“And… and he’s got a big-picture view.”
“That’s true, I do,” said Ayoob. He pushed the paper he was doodling out into the middle of the table. “I was looking at your maps,” he said, nodding at Hephziba. “There’s a mountain range between us and Garthram. And there’s a pass right here.” He pointed at the paper. “But you don’t show anything beyond it. All the other passes are mapped out.”
“I haven’t talked to anyone yet who’d been there,” she said.
“Do you think that’s strange?” asked Ayoob.
“I’ve only been here a couple of weeks,” said Hephziba. “Maybe it’s just a coincidence.”
“You think Garthram is killing everyone who goes through the pass?” asked Bartram.
“Or taking them prisoner,” said Ayoob. “We should know soon enough. If people were killed, they’ll respawn and eventually come back here again. If the pass is open, we’ll eventually talk to someone who’s been through it. And, well, if not, we should probably send someone out, check it out.”
“That’s very… strategic of you,” said Abigail.
“I said I was a game designer,” said Ayoob. “I design military strategy games. I might make a game based on what happens here.”
“See?” said Flame. “We’re all valuable. We all have something to offer.”
“Fantastic. We’re good then?” He looked around the table and everyone nodded back, Bartram more reluctantly than others. “So I can now go have dinner at the inn. Flame?”
“Not tonight,” she said. “Maybe later. Also, you haven’t told us what you have to offer the group.”
“He’s a brilliant military strategist,” said Bartram. “I told you. That’s why I hired him.”
“That’s why the Duke hired me,” said Geoffrey.
“But what exactly do you do?” asked Flame.
“Yes. What kind of military strategy do you do?” Ayoob looked up at him. “Tell us.”
“Well, uh. Fine. I’m not a military strategist.”
“What?” Bartram banged his fist on the table. “You brought down empires. You were so good that World of Battle kicked you off the grid. I spent good money on you.”
“I make people hate each other,” said Geoffrey. “I make coalitions fall apart. Send me into enemy ranks and they’ll be at each other’s throats within a week.”
“That seems like cheating,” said Abigail.
“It might seem like it, but it’s totally within the rules,” said Geoffrey. “They tossed me off the grid on a technicality. But all I have to do is spent a little time here on Krim — or any basic physics grid, really — and pass a simple test. I’ll be back on World of Battle in no time.” He glanced at Flame. “A very simple test.”
“So what you’re saying is that there’s no reason for you to be here in Heartburgh at all,” said Flame. “You should be over in Garthram destroying them from within.”
“No, that would be bad,” he said. He needed to stick close to Flame to convince her to take the test for him. If he was in Garthram, turning people against each other, he’d lose his chance. And, judging by past experience, it would all end with everyone at Garthram hating him and running him out of town in tar and feathers.
“I want to help you here.” He took out the packet of papers that the general gave him.
“I have the schedule attacks for the coming year.”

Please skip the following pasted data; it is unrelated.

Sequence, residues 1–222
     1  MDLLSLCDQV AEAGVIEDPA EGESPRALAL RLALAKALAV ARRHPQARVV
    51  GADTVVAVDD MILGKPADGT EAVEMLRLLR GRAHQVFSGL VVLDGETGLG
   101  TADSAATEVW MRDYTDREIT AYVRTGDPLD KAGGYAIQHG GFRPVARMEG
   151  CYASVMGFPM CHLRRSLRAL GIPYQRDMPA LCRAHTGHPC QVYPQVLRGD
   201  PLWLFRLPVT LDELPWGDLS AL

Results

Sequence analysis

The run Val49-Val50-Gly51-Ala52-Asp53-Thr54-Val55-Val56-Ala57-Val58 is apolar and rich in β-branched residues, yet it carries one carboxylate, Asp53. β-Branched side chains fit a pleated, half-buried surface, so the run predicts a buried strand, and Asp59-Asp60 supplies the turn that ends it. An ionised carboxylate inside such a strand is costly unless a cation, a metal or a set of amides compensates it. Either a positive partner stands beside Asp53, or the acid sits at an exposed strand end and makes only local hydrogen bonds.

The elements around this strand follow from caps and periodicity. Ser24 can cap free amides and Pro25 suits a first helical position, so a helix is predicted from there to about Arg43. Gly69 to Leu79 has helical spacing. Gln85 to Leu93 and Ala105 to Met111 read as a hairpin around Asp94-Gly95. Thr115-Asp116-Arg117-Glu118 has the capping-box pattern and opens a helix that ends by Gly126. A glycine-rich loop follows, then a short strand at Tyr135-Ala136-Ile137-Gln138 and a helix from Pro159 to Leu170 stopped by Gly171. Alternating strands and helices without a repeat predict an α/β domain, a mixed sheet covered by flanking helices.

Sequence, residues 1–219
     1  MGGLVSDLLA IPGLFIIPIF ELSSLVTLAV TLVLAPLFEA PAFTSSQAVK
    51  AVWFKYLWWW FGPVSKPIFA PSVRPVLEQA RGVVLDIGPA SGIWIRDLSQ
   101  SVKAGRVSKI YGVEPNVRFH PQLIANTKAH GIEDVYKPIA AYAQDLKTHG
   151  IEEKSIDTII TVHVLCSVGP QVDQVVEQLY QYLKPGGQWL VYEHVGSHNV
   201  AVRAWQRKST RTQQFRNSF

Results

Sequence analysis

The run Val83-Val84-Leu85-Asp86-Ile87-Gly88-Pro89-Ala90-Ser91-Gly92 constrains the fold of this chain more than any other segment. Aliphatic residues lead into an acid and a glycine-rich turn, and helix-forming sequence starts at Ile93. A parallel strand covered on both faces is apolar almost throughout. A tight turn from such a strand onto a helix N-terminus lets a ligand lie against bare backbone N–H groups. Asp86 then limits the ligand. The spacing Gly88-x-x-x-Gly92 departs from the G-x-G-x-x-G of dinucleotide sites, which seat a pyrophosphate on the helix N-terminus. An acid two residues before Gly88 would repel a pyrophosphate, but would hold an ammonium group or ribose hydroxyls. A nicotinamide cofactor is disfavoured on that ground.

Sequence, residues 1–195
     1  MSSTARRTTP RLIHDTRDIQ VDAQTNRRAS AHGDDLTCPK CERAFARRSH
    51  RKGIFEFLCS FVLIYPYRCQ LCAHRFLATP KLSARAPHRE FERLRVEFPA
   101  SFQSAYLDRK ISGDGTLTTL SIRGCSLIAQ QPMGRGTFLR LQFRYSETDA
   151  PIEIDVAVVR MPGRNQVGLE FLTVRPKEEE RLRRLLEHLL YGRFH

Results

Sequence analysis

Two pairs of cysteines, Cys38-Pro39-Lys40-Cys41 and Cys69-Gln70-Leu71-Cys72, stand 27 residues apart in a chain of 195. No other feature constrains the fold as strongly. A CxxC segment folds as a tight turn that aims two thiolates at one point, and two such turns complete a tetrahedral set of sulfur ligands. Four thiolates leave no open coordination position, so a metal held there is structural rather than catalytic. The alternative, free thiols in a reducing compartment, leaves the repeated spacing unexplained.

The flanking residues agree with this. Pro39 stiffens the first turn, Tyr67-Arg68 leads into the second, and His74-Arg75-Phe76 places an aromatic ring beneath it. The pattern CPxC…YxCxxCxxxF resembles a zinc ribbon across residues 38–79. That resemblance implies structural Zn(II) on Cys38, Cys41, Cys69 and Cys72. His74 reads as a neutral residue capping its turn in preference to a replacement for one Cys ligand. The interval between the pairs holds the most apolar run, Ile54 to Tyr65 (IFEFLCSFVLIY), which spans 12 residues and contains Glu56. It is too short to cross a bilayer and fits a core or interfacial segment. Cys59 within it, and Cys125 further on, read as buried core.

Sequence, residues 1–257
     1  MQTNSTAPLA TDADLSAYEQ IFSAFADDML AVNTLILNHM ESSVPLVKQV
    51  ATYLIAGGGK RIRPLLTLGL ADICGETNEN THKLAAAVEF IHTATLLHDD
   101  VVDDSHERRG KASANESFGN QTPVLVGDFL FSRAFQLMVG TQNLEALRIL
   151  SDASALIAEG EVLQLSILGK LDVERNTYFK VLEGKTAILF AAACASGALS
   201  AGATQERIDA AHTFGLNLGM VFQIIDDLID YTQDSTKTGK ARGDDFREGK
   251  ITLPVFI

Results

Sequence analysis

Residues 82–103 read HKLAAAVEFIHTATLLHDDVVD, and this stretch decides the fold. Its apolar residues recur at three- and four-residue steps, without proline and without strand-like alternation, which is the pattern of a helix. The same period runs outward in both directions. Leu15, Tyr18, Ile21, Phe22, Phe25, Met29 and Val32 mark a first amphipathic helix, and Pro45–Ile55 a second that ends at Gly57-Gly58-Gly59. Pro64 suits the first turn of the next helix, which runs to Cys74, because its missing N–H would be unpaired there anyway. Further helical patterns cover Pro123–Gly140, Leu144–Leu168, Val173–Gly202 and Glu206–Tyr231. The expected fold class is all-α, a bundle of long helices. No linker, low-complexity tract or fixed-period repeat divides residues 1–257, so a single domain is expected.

“What schedule of attacks?” said Flame. “Why would anyone schedule attacks a year in advance? That’s the dumbest thing I’ve ever heard.”
“Well, Krim is dumb,” said Geoffrey. “People do dumb things here.”
He untied the packet and rolled it out. There were several pages, with dates, times, and locations, and the name of the group that was planning the attack.
Flame leaned over and picked up the first page, then the second. “The first attack is two months from now.” She looked up at the group. “I can’t believe someone would schedule attacks two months in the future.”
“Let me see,” said Hephziba. Flame passed the pages over.
Hephziba read the first page, then the second, then came back to the first, then reached over and grabbed the rest of the papers. Then she pulled two maps out of her stack.
“This is the map of groups who are friendly to us,” she said. “There are people from these areas coming and going all the time, and we have trade with them.” She passed the map to her left, to Bartram.
“This is a map of our enemies,” she said. “We don’t have trade with him, and they’ve attacked us or our allies.” She passed that map to her right, to Geoffrey.
“In that schedule…” — she pointed at the papers that Geoffrey got from the general — “our enemies are attacking our friends, and our friends are attacking our enemies.”
“And sometimes our enemies attack each other,” Flame added.
“Now look at the maps,” she said. “Whoever made up this list was holding one of those two maps upside down.”
“What?” Geoffrey grabbed the pages back.
“The first attack was the Sneob Smaria bandits attacking the Leswana village,” said Flame. “That could happen.”
“I see where you’re going with this,” said Ayoob. “The Sneob Smaria usually operate to our north. Leswana is to our south.”
“All the battles are like that,” said Hephziba. “What are the odds that in every single attack, the attackers go after the target that’s the furthest away from them?”
“So whoever made this list knows nothing about Heartburgh,” said Ayoob.
“Or is a complete idiot,” said Flame. “Why in the world would someone make this up? Even if they got the maps right, we’d know after the first attack that the list was wrong.”
“But not for two months,” said Geoffrey.
“Did you make up this list?” said Flame.
“Are you here to help us, or to destroy us from within?” asked Ayoob. “It’s cool with me either way. I’m just curious.”
“You’re fired,” said Bartram.
“You can’t fire me,” said Geoffrey. “I don’t work for you. I work for the Duke.”
“Trust me, you’re fired.”